by Kenneth R. Morefield, Ph.D.
Peruse a list of major studio releases for the Fall 2005 season, and you will find a film from a relatively new Christian director whose first major release was given the green light by Sony Pictures the weekend that “The Passion of the Christ” was released. Look again and you may notice it’s a horror film from the director of Hellraiser: Inferno.
On their own, neither project would be particularly odd, but when you realize that both blurbs are describing the same film—Scott Derrickson’s “The Exorcism of Emily Rose”—you may begin to ask questions.
Will Christian audiences embrace a film that depicts the central character as a devout Catholic who may (or may not) have become possessed by six demons? Will secular viewers flock to a PG-13 horror movie that spends more time in the courtroom debating whether demons exist than it does grossing out the audience with make up or special effects? Will Roman Catholics welcome a film that suggests the ritual of exorcism can be ineffectual when the victim of possession is influenced by consciousness-altering drugs? Will Protestants accept a heroine who has a vision not of Christ but of the Virgin Mary?
In the wake of such inevitable questions, the film’s participants are doing everything they can to pitch “The Exorcism of Emily Rose” as an exploration rather than an explanation of spiritual themes, emphasizing their desire to get audiences to contemplate important questions without forcing the answers upon them.
Derrickson claimed in his press briefing that he “wasn’t trying to persuade people” with the film, insisting that his goal was to make a film that “wasn’t propaganda.” Citing Akira Kurosawa’s “Rashomon” as a favorite personal example, he argues that films that explore varying perspectives can be “fascinating” and “compelling.” Of “Emily Rose”, Derrickson said: “My intention is to make a film that provokes people to ask themselves what they believe about evil, what they believe about the demonic. Inevitably when you ask questions like that you end up asking yourself what you think about God, what you think about morality, and what you think about the nature of memory and truth.”
The desire for a balanced treatment of conflicting opinions was crucial to Laura Linney in deciding to participate in the film. “I wanted to make sure that both arguments were fully and completely explored, and it was balanced …I wanted to make sure the movie was not telling people what to think or believe, and that it presented two complete sides to this question [of whether or not Emily is possessed by demons or delusional].” Linney also stressed her hope that the film would help proponents on different sides to listen to one another, declaring that as humans, there is “so much we don’t understand.”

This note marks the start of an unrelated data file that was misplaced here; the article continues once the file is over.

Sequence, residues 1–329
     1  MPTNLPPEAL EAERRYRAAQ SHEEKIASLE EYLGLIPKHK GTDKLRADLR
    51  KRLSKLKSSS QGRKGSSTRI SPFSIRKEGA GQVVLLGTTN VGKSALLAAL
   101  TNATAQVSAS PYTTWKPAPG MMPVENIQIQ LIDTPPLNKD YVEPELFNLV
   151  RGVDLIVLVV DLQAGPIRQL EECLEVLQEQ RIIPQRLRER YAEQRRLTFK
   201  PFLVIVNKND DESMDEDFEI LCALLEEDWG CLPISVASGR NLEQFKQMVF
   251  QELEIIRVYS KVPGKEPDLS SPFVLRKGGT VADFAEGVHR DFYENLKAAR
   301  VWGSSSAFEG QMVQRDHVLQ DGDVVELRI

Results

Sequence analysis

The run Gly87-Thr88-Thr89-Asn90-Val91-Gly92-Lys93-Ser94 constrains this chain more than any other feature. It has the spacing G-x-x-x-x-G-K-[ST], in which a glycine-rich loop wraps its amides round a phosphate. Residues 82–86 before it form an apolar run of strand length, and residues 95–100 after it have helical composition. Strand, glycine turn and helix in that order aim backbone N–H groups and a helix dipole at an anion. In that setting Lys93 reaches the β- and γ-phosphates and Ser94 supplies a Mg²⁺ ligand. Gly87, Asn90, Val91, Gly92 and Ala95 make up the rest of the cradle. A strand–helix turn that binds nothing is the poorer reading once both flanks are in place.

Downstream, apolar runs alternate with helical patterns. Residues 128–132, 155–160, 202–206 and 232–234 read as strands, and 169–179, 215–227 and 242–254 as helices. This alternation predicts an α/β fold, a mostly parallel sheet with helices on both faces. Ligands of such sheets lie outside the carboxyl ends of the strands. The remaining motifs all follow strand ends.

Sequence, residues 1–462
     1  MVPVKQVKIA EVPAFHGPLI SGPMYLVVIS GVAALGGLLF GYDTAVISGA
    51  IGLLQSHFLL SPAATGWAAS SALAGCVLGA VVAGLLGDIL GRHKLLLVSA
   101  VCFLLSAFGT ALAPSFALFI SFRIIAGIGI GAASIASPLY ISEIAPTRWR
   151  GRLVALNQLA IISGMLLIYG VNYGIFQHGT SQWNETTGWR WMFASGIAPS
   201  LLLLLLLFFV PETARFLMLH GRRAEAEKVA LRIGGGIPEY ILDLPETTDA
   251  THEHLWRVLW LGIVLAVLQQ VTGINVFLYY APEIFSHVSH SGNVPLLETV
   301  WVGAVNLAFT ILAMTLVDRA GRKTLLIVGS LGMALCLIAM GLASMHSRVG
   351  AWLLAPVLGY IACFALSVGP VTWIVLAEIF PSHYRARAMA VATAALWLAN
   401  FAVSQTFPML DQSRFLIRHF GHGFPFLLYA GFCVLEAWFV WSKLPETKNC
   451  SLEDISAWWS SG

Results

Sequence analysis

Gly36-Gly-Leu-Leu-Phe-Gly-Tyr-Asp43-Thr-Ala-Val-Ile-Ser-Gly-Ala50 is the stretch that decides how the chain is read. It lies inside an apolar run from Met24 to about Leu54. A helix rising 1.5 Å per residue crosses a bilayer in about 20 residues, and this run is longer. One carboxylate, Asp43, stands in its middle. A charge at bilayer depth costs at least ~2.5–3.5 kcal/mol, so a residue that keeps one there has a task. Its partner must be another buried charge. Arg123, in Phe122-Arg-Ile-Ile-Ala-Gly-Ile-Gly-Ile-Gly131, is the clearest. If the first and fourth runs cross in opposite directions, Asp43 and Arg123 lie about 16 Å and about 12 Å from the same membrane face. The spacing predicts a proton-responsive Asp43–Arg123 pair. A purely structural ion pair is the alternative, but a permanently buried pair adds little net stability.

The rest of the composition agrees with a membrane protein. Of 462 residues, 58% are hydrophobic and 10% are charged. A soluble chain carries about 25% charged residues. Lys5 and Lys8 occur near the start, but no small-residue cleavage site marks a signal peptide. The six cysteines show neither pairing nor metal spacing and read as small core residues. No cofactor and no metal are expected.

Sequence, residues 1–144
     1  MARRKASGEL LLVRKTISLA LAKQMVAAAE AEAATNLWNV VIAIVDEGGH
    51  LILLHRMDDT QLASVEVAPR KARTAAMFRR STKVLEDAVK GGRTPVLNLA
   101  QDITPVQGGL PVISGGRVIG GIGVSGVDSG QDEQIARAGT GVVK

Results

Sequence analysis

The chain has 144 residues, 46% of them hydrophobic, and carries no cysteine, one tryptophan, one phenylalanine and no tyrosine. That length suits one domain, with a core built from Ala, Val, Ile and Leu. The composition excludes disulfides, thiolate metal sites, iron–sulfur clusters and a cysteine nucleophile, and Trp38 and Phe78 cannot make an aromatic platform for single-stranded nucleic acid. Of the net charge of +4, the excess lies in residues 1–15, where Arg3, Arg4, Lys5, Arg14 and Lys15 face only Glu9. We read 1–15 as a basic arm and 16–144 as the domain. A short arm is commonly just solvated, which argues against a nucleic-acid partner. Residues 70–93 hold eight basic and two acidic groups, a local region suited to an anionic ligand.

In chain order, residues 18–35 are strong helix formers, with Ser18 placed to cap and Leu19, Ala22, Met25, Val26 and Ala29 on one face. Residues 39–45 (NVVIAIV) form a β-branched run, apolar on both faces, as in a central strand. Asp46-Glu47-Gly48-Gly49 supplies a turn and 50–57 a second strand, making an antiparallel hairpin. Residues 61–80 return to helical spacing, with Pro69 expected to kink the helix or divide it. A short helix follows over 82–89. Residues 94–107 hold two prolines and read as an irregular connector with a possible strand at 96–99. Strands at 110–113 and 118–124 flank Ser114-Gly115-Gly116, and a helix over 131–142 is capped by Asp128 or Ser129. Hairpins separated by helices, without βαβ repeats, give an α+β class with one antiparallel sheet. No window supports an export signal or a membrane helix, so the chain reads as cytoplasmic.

Even Jennifer Carpenter who plays the title character, declared herself uncertain as to whether Emily is actually possessed. To prepare for the role Carpenter said she “read several books on possession and exorcism and did some study on epilepsy” but also trained “like an athlete” for the role’s physical demands. She claimed she thought the script did a good job at keeping the audience “on the fence-including myself.” Whether or not Emily is possessed, Carpenter stressed that Emily “truly believes her will is not her own.”
One challenge facing Carpenter was that the film provides only one scene of Emily before her transformation. By showing the responses to Emily’s ordeal, however, Carpenter hopes the film will impress upon audiences the tragedy of Emily’s fate, saying that she was “someone’s girlfriend, someone’s sister, someone’s daughter, and she’s loved and cared for by so many people” both before and after she was “robbed” of her dreams for the future by “this horrible thing.”
Was that horrible thing a demonic possession or a tragic mental illness? The film ultimately doesn’t say, but it does present a critical and potentially controversial scene towards the end which attempts to explain how and why God might allow a devout follower to be possessed by demonic spirits. It is an explanation that Derrickson recognizes may be difficult for many Christians to accept. “I do not believe that a spirit-filled Christian can become demon possessed,” Derrickson says, choosing his words carefully. “However, what I will say, is that for every one of those theological rules that we like to systematically create there are often exceptions, and I don’t believe that God will tell me to go commit a sin, but he told Abraham to murder his son. I think that there are sometimes exceptions to the rule like that.”
Can Christians be demon possessed? In what ways can Satan and his demons influence believers? Answer
Is Satan a real person that influences our world today? Is he affecting you? Answer
Demoniac (Web Bible Dictionary)
Exorcist (Web Bible Dictionary)
Satan (Web Bible Dictionary)
Demons (Web Bible Dictionary)
Miracles (Web Bible Dictionary)
Having tried to address the more specific theological questions that Christians might raise after watching the film, Derrickson quickly returned to the point that the intent of the film is to raise questions for those who may not have considered these issues rather than to confirm the answers of any group that has. “This movie is intended to stretch and provoke everyone who sees it, including Christians.”
Derrickson’s response reveals an attitude that is indicative of how the film is being marketed. He hopes that the audience will include Christians, but it is not intended exclusively nor even primarily for them. Whether he is successful, as a Christian director, in stretching and provoking a mainstream audience will have a lot to say about how successful “The Exorcism of Emily Rose” becomes.
The ideal audience response may be similar to that of Jennifer Carpenter, who said of making the film: “It made me ask a lot of questions that I haven’t asked for years.”
See our REVIEW of “The Exorcism of Emily Rose”